Internet users have by now come to accept the common transaction of trading personal data for free services, and companies around the world are trying to figure out how to price the data they extract.
In Europe, at least, people seem to think they’re being ripped off. “There is a perceived imbalance within the data-sharing relationship, with two-thirds of consumers believing that organizations benefit the most from the sharing of data—just 6% think that the consumer benefits the most,” according to a recent report from Orange, a large telecoms firm that commissioned a survey to find out how much Europeans think their personal data is worth.
On average, consumers across the four countries surveyed—Britain, France, Spain, and Poland—believe they should get back nearly £13 ($21) in value for each piece of information they share with a familiar company. For unfamiliar companies, that rises to just over £15, or nearly $25. In other words, they would expect 20% more for parting with information to companies they don’t already trust.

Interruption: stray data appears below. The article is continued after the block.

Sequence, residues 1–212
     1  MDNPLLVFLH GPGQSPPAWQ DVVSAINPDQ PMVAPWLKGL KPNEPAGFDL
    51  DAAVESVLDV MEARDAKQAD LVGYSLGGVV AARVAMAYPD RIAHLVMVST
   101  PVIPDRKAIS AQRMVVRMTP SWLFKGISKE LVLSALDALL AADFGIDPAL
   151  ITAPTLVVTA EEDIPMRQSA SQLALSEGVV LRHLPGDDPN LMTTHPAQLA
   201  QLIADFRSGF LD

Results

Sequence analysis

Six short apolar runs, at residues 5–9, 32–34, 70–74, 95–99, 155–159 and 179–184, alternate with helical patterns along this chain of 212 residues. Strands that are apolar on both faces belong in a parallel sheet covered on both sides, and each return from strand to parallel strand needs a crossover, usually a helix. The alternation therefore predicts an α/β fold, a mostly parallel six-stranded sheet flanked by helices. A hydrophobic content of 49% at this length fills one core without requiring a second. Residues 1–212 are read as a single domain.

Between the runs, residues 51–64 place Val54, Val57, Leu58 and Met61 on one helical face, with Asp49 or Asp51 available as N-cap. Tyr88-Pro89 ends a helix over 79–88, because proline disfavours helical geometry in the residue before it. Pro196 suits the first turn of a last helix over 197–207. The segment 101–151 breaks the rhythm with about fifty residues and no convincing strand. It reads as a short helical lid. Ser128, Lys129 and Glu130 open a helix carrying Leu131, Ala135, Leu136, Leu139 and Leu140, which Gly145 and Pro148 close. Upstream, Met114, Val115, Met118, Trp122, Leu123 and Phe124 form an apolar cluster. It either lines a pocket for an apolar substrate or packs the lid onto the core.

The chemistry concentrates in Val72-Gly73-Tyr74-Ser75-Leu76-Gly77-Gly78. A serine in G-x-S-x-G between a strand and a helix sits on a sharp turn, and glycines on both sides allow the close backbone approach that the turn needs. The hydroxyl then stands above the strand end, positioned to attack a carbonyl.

Notably, Europeans value information related to friends and family—such as their friends’ preferences and email addresses—as highly as their own most personal data, including their income and mobile number.
Among the countries surveyed, the Poles valued their personal information the highest, and the French the lowest. With the exception of the French, the total amount consumers think they should be paid for the various types of data surveyed adds up to well over $200.